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July 2023
Story by Andrew Burton
State: Utah
Species: Deer - Mule

Like many of my fellow hunters, I dream of giant bucks. They keep me awake at night. Each year, I gather all the resources I can to chase them in my home state and surrounding states Some of these resources include time, money, time away from work or family, but most importantly, my wife’s patience. As my obsession with big mule deer grows each year, seemingly so does her patience with me in my pursuit of them.

In 2022, I drew a general deer tag in my home state. Summer was busy with fewer scouting trips than I would have liked. It was a very wet year in much of the high country in the West, so I was optimistic about antler growth. Towards the end of July, my gut was correct. Antler growth would indeed be special this year, and I had found a special buck. I had seen several bucks I thought would excite most bowhunters, but this one was a buck dreams are made of with multiple eyeguards, extra main beams, and an outside spread that must be close to 30".

Opening day came, and I thought I was ready. I found myself in my tree stand that morning, hoping to get a glimpse of the big buck sneaking away from hunting pressure. I saw a few deer in the morning grey light and witnessed a spectacular sunrise from the high country. The mountain began to stir as hunters and deer moved about. I saw a few nice bucks and had several hunters walk directly under my tree stand, oblivious to my existence. No sign of the giant buck, though. In fact, I had not seen him for a couple of weeks.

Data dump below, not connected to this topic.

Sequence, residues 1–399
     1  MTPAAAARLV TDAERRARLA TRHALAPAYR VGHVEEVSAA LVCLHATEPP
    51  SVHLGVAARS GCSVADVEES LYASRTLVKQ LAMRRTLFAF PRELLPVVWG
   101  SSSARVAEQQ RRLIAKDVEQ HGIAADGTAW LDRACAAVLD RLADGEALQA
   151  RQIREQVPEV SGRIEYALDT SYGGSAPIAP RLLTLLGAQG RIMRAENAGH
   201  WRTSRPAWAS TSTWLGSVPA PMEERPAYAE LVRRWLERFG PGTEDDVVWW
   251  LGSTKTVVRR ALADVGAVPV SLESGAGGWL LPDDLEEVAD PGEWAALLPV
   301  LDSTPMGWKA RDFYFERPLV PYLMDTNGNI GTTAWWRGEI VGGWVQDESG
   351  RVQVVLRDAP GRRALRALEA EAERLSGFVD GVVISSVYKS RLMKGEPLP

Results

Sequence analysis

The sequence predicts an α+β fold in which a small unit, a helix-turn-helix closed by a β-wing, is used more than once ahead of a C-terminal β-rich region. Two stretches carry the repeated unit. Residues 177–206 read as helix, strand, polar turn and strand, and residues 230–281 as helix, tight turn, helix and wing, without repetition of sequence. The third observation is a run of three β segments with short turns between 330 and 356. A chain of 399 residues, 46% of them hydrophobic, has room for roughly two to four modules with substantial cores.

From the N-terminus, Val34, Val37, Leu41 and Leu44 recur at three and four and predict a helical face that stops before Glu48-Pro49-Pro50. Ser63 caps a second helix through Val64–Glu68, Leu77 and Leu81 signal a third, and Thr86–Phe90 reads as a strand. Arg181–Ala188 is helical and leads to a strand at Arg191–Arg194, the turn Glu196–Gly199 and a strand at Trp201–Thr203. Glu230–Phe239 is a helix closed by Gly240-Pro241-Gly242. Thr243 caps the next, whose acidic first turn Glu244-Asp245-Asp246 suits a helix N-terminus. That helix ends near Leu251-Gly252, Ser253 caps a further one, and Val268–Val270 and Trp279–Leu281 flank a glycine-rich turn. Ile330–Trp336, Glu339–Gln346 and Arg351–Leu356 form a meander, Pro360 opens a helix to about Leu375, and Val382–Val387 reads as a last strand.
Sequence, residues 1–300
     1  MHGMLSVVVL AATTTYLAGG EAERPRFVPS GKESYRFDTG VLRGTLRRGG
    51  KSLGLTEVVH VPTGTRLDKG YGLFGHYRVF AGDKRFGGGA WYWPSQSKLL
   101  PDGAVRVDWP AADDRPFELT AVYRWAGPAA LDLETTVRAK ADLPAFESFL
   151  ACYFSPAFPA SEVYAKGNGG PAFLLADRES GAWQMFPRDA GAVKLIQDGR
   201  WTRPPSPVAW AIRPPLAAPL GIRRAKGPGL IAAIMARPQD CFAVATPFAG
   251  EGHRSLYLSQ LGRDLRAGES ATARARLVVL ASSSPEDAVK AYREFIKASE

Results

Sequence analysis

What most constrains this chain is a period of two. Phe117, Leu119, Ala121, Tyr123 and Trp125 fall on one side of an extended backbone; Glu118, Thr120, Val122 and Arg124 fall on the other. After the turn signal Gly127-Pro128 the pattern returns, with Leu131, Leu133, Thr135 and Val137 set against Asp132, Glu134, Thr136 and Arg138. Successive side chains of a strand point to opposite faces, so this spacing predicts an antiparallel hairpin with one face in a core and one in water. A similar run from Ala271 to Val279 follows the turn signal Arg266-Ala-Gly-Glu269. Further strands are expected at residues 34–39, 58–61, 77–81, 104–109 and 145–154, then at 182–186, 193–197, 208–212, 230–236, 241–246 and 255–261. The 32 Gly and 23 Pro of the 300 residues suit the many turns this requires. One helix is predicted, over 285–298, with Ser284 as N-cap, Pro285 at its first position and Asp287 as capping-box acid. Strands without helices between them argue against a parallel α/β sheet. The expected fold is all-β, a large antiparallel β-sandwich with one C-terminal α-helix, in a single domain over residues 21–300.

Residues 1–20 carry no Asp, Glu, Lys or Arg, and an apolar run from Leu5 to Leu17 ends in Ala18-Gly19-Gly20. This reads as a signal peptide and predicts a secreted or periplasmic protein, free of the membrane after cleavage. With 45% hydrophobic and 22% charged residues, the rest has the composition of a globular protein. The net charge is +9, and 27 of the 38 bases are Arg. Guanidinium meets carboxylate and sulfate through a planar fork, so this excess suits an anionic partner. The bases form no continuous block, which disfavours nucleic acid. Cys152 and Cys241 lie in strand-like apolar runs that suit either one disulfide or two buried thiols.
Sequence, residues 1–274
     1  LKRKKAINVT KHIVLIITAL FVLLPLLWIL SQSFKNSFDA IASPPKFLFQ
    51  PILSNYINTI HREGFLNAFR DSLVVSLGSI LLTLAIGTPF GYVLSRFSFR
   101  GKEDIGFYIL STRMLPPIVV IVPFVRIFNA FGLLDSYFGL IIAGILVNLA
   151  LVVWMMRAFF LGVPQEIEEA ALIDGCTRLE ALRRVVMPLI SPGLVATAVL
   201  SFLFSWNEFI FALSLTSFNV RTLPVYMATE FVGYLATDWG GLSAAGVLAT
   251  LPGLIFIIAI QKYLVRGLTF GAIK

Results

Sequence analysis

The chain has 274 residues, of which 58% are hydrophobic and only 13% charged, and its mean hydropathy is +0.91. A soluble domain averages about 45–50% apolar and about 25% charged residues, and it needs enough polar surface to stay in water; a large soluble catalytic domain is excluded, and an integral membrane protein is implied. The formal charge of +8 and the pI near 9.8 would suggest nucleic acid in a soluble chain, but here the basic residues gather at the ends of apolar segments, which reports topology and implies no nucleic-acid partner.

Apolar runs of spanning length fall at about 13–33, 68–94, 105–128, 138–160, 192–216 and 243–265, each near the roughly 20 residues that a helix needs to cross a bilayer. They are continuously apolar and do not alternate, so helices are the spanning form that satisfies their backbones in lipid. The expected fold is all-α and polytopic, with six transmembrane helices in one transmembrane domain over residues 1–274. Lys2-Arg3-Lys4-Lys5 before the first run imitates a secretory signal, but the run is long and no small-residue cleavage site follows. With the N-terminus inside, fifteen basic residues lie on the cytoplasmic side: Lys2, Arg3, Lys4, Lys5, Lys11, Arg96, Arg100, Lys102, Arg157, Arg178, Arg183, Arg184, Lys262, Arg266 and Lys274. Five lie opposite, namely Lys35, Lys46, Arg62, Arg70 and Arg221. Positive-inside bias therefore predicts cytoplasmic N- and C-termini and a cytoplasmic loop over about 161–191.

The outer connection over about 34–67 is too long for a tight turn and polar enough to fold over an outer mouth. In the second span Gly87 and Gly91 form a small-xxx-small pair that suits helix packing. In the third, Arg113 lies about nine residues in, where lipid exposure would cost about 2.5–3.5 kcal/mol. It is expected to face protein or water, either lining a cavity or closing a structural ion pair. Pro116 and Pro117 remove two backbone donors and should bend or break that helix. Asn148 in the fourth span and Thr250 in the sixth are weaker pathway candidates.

That afternoon, after a torrential rainstorm, a herd of about 100 sheep came waltzing in under my tree stand. Frustrated, I climbed down and tried to salvage the evening by slowly looking for tracks or some indication of where he had gone.

I am a religious fellow, and Sunday morning after glassing and bedding several bucks, we headed to town for church. I spent the evening in a couple other canyons where I had seen very nice bucks I wanted a closer look at. I passed on a nice 4x4 at 50 yards.

Monday morning, the mountain seemed to have become quieter. Many of the hunters had left, and the sheep had moved. Now was the time to look for him. Could he still be close? The buck had spent his summer on a long, narrow, steep, and rugged ridge full of avalanche chutes and rocky slides and ledges. Surely all the commotion and human scent had alerted and displaced him. I removed my boots and replaced them with soft moccasins. I began my search slowly and methodically, patiently taking a few steps and glassing every shadow. After a couple hours, I wanted to quit and return to camp. “Patience!” I told myself. He had found a way to hide, but where?

As I took more steps and glassed more shadows, a buck stood at 20 feet. He had heard me but could not figure out what I was. He decided I was probably danger and slowly walked away. As I walked further, the mountain felt different. This portion felt isolated, somehow elevated from the surrounding world. I thought he would choose sanctuary here. I saw more deer moving beds and lazily feeding in the shadows. I reached huge cliffs with much vegetation and shade below them. Maybe he was here? After sitting and glassing for 10 minutes, I moved 10 yards and repeated the process. Nothing. Patiently, I continued to search.